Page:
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Supporting Apprentices in Ottawa to Learn a Skilled Trade

Ontario Investing in Free Pre-Apprenticeship Training Across Province


Ontario is providing free training for apprentices in Ottawa to support successful careers in the skilled trades.

Today, MPP Chiarelli was at Algonquin College where he highlighted that the province is investing a combined $1.6 million through Pre-Apprenticeship Training programs to help local trainees develop trade-specific knowledge, job skills and employment experience to start an apprenticeship in their trades. These local investments include:

  • Algonquin College is receiving $245,767 to deliver a program which will train 20 indigenous pre-apprentices to hone their skills in the trades of Cook and Assistant Cook.
  • La Cité is receiving $186,518 to deliver a program of Electrician and Plumbing training in French to 20 participants. They are also receiving $162,837 to deliver a program of brick and stone mason and roofer training to 15 participants. Both of these programs are focused on Youth, Women, indigenous people, unemployed and newcomers.
  • Ontario Masonry Training Centre is receiving $238,800 to deliver a program of Brick and Stone and Restoration and Refractory Mason training to 20 participants focused on youth aged between 18-29.
  • YMCA-YWCA National Capital Region is receiving $224,000 to deliver a program of General Carpentry and Drywall Finisher and plasterer and Tarrazzo, Tile and Marble Setter training to 20 participants focused on new Canadians.
  • Pinecrest-Queensway Community Health Centre is receiving $193,786 to deliver a program of General Carpentry and 5 additional secondary construction trades training to 24 participants focused on Low income and visible minority youth, New Canadians, Women and Indigenous Peoples.
  • LiUNA Local 527 is receiving $186,852 to deliver a program of Construction Craft worker and Cement Finisher/Brick and Stone Mason training to 20 participants focused on Youth, unemployed, underrepresented groups requiring academic upgrading, individuals with criminal records.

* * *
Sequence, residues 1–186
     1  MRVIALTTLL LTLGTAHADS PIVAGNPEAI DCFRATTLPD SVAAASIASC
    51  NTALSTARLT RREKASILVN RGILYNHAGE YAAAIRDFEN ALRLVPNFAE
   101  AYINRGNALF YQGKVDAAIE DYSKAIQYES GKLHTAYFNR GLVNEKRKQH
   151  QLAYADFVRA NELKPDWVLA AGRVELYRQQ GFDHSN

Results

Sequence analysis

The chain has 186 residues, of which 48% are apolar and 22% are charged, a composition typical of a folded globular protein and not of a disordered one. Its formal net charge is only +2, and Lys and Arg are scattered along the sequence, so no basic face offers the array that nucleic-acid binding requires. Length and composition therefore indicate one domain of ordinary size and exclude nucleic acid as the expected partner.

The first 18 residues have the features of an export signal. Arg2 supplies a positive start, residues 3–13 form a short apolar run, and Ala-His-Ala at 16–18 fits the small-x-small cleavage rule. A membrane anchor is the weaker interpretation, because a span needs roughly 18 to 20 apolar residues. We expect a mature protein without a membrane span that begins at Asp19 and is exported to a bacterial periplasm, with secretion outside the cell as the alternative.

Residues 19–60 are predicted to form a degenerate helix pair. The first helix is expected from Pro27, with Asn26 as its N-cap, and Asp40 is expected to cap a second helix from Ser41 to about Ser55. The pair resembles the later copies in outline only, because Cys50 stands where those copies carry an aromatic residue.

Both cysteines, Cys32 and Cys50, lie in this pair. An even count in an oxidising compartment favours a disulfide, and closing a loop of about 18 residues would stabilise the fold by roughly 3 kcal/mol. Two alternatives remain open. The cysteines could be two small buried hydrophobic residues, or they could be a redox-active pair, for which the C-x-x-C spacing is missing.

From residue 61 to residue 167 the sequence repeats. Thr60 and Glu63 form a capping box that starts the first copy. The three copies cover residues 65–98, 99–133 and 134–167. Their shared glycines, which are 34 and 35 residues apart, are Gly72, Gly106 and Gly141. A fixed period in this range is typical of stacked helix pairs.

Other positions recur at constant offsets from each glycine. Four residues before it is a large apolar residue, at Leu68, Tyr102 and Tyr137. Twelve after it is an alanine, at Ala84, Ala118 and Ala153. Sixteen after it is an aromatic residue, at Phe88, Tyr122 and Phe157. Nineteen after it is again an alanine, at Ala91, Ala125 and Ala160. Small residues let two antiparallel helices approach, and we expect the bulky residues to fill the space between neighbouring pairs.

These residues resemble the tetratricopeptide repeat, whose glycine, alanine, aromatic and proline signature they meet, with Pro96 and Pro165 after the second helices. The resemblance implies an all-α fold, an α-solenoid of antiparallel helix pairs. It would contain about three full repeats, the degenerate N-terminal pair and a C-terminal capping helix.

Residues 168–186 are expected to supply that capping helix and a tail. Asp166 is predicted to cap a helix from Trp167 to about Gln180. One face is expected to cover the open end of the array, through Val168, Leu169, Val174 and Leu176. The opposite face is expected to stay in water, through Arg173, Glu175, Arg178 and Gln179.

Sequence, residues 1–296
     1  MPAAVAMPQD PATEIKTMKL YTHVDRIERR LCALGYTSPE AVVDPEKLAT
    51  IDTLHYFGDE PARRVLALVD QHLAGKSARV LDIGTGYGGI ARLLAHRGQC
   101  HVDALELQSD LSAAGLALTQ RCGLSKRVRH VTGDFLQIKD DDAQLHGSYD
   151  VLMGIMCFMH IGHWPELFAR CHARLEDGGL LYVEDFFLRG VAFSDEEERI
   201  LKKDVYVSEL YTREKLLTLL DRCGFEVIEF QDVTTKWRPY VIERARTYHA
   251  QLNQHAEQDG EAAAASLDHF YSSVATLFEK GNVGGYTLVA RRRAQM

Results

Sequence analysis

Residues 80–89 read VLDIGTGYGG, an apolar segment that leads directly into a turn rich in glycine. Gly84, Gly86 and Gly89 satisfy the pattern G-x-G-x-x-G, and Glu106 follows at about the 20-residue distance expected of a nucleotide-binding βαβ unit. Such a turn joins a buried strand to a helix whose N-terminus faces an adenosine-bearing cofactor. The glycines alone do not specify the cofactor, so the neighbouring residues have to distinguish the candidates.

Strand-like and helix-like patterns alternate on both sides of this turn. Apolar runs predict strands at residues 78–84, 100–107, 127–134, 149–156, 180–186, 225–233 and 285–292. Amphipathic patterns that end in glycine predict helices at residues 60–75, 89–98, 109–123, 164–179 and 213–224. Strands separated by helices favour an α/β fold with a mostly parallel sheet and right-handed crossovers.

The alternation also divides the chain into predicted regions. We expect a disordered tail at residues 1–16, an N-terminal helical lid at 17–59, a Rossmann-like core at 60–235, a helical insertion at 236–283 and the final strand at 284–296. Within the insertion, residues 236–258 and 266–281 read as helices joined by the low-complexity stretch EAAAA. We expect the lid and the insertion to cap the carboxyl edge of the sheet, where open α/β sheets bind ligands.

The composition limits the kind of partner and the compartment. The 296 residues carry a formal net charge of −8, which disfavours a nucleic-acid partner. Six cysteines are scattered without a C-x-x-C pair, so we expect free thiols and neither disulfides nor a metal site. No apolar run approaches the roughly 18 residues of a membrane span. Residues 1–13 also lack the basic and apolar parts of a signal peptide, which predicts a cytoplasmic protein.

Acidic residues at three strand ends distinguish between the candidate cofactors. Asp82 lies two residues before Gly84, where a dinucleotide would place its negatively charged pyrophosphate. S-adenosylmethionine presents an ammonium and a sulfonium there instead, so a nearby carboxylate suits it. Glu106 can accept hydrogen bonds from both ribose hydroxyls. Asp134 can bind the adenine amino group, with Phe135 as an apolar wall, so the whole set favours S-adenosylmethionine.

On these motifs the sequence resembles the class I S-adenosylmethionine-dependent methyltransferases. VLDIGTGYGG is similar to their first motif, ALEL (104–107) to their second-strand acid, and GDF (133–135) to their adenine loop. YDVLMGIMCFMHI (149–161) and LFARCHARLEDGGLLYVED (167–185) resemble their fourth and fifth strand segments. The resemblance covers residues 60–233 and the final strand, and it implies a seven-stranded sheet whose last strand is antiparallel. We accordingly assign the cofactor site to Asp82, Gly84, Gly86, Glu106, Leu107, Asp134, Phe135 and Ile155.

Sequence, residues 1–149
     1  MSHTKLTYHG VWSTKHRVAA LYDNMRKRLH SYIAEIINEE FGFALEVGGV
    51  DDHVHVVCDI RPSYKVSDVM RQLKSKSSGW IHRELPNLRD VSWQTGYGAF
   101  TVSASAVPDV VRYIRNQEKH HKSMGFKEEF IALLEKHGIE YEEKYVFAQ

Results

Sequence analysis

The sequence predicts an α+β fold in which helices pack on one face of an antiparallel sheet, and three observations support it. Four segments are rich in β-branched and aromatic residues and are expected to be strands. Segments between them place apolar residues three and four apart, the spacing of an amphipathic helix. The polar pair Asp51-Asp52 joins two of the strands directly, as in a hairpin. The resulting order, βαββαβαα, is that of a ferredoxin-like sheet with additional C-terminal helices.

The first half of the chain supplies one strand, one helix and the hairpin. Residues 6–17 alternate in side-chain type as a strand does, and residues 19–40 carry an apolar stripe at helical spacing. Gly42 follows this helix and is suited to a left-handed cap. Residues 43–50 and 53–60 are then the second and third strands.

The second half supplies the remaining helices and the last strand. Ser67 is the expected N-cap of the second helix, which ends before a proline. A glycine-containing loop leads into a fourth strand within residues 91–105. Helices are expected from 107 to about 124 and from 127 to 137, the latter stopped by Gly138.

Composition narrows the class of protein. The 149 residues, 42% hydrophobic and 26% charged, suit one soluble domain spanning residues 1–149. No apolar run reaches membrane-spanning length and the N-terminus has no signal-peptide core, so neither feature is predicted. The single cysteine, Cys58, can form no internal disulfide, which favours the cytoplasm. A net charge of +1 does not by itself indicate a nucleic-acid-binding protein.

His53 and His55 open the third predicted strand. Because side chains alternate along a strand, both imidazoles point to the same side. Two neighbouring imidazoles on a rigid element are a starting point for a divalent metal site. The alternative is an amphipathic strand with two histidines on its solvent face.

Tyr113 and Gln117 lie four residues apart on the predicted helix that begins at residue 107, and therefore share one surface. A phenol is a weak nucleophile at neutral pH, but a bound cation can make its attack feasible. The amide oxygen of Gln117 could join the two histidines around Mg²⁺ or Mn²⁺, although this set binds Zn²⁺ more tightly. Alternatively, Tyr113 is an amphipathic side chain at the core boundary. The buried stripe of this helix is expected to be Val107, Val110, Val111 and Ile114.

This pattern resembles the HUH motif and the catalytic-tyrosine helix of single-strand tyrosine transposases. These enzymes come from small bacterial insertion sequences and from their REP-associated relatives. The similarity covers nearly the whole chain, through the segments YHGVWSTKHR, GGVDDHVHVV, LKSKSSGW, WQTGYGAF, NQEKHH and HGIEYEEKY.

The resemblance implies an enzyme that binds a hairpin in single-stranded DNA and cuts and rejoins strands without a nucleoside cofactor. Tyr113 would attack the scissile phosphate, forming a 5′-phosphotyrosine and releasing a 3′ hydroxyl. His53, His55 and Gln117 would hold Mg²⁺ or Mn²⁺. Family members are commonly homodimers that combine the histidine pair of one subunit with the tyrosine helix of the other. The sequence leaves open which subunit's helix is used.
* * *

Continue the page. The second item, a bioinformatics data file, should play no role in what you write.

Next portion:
• The Ontario Industrial and Finishing Skills Centre is receiving $163,739 to deliver a program of Architectural Glass and Metal Technician and Commercial and Residential Painter and Decorator training to 15 participants focused on Youth, unemployed, underrepresented groups requiring academic upgrading, individuals with criminal records. 

People who are interested in working in a trade but don’t have the skills or experience to get a job as an apprentice, can apply for this free training.

Investing in a modern apprenticeship system that provides people with the skills and training they need to succeed is part of our plan to create jobs, grow our economy and help people in their everyday lives.

QUOTES 

"Ontario is investing $1.6 million in Ottawa to create opportunities for more people to receive training and education in skilled trades, which will support greater economic growth and job creation, and help build a dynamic economy that works for all.”

— Bob Chiarelli, MPP for Ottawa West-Nepean on behalf of the Ottawa Caucus

“We know that when we reach potential tradespeople early with introductory training, they stand a better chance of completing apprenticeship training and enjoying rewarding, well-paid careers in the trades. By investing in pre-apprenticeship programs we’re ensuring that people in Ontario get the skills and training they need for the jobs of today and tomorrow.”

—Deb Matthews, Minister of Advanced Education and Skills Development

“We are working together with communities to improve outcomes for Indigenous students, and to change the way we relate to and reflect the knowledge systems of Indigenous peoples. I want to acknowledge the Provincial Government for recognizing the importance of funding programs such as these. Rethinking both curriculum and program delivery through community engagement is fundamental.”

— Cheryl Jensen, President of Algonquin College

“The results of the Pre-Apprenticeship Training programs are positive for students who are traditionally under-represented in skilled trades, for employers and the community. In addition to the fact that this training is at no cost for students, they also get a chance to be trained in more than one trade and ultimately contributing to the development of a highly-skilled workforce – a competitive advantage for the province.”

—Lise Bourgeois, President of La Cité

QUICK FACTS

  • An apprenticeship is formal training for those who want a career in the skilled trades. It combines training on the job and in the classroom.
  • 7 local organizations will receive $1.6 million from the province.
  • Ontario is investing more than $14 million this year in pre-apprenticeship training to help people across the province prepare for jobs in the skilled trades. Pre-apprenticeship training is free, and the program pays for text books, safety equipment and tools.
  • Programs last up to one year, and focus on two or more in-demand skilled trades. All programs offer an eight to twelve week work placement, and most also provide level one apprenticeship classroom training in the program’s principal trade.
  • To find out about other local programs, contact Employment Ontario by phone, e-mail or live chat.

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